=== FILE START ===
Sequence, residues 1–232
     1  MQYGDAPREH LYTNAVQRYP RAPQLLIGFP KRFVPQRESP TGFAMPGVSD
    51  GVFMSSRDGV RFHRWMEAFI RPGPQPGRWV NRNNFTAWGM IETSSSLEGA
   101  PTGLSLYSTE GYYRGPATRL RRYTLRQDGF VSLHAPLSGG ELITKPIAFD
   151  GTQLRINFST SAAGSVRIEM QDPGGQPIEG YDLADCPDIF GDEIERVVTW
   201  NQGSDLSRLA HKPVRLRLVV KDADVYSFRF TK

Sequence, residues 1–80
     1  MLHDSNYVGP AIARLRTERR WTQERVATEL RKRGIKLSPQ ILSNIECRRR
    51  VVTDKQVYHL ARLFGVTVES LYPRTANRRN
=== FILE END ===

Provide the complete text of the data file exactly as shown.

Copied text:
Sequence, residues 1–232
     1  MQYGDAPREH LYTNAVQRYP RAPQLLIGFP KRFVPQRESP TGFAMPGVSD
    51  GVFMSSRDGV RFHRWMEAFI RPGPQPGRWV NRNNFTAWGM IETSSSLEGA
   101  PTGLSLYSTE GYYRGPATRL RRYTLRQDGF VSLHAPLSGG ELITKPIAFD
   151  GTQLRINFST SAAGSVRIEM QDPGGQPIEG YDLADCPDIF GDEIERVVTW
   201  NQGSDLSRLA HKPVRLRLVV KDADVYSFRF TK

Sequence, residues 1–80
     1  MLHDSNYVGP AIARLRTERR WTQERVATEL RKRGIKLSPQ ILSNIECRRR
    51  VVTDKQVYHL ARLFGVTVES LYPRTANRRN